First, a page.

#13 Brian LeStourgeon makes a very good point as illustrated by the use of language in #17 Dave.
    The gay rights activists want the proponents of traditional marriage cast as anti-gay marriage or opponents of marriage equity.
    The news stories should be handled very much like abortion. If we use the words Pro-Life and Pro-Choice we are letting each side define itself.

  • Dave

    Perpetua, you are right that “marriage equity” is a term preferred by the side that supports it. That’s why I use it.

    Generally: There is GOOD NEWS from the various pieces that have been linked regarding this issue. Two names of legal experts interviewed in the Barbara Bradley Hagerty piece on NPR, were cited earlier in the Maggie Gallagher article from the Weekly Standard. These people are sober-sided informants who can describe the collision between gay rights and religious rights without hyperbole, nastiness, sectarian language or demonization of any parties.

    The reason this is good news is that it represents movement of intelligent reporting from the conservative media to the MSM. It doesn’t actually represent the MSM getting religion any better but it may serve to ameliorate the one-sidedness that gets GetReligionistas into a lather as though it constituted failure to GR.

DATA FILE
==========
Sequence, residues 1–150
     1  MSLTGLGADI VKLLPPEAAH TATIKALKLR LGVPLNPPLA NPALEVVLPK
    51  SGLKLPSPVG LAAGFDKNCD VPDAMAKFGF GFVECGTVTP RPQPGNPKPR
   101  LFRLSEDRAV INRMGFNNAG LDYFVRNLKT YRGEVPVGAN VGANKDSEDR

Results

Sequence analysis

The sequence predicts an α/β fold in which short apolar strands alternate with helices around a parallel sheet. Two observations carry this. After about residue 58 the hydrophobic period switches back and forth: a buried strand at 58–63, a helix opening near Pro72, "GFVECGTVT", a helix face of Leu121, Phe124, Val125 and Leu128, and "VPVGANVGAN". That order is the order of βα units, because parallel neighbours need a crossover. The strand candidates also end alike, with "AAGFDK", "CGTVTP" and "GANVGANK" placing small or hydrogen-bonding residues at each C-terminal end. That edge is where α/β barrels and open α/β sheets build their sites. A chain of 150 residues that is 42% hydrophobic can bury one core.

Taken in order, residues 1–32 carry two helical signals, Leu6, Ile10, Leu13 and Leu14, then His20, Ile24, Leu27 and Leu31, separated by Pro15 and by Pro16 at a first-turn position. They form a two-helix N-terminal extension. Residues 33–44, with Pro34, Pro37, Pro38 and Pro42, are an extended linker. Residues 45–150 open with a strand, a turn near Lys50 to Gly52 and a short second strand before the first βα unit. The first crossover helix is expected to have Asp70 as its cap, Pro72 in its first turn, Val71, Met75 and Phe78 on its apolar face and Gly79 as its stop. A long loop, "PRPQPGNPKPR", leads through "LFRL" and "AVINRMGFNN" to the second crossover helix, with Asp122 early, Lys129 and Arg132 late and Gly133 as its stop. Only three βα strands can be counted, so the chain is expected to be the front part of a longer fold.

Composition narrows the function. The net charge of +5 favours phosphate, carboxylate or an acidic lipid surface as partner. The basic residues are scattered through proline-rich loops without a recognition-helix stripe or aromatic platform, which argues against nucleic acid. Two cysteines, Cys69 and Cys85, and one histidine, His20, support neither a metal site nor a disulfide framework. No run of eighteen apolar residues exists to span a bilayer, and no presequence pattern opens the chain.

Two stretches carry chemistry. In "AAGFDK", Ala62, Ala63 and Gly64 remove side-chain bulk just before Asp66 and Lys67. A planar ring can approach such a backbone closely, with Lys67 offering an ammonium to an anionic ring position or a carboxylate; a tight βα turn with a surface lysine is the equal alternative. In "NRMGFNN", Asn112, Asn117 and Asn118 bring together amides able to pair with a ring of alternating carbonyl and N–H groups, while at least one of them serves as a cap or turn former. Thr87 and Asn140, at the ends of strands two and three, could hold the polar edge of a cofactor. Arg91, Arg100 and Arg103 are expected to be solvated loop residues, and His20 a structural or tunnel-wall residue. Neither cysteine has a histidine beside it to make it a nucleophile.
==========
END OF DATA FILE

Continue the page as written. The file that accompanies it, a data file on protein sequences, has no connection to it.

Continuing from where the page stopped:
• Jimmy Mac

    Belden: #1 and #2

    I know 2 ex-ex-gays and they admitted that many pressures (societal, familial and religious … both were former conservative Protestants) caused them to want to “change.” The tried hard to sublimate (one even got married) but eventually realized that the truth that they were seeking was the one that they were trying to deny.

  • Claude

    (Sorry for this intrusion. This is just a note for Dale, who on the other thread, thought that I was accusing him of being a homophobe. I am sorry that you thought that. I certainly did not intend to do so. I do not know you personally and I have no knowledge of what is in your heart. However much I might disagree with you, I do not mean to question your motives. Sorry if you got that impression.)